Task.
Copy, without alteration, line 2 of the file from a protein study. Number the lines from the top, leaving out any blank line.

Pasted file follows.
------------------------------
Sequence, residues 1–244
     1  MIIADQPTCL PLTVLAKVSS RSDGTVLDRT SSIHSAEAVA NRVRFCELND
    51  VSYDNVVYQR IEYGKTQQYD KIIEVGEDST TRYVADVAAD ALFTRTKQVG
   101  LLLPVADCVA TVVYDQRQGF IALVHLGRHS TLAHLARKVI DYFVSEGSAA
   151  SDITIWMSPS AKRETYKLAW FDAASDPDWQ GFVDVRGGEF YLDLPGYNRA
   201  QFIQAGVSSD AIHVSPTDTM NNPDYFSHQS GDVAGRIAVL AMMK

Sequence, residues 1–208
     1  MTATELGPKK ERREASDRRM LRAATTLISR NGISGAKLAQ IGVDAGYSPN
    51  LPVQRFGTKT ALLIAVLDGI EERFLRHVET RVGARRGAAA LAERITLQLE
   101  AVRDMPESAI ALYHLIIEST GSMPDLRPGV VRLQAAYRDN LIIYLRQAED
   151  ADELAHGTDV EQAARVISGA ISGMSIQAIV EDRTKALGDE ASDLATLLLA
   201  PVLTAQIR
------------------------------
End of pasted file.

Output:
     1  MIIADQPTCL PLTVLAKVSS RSDGTVLDRT SSIHSAEAVA NRVRFCELND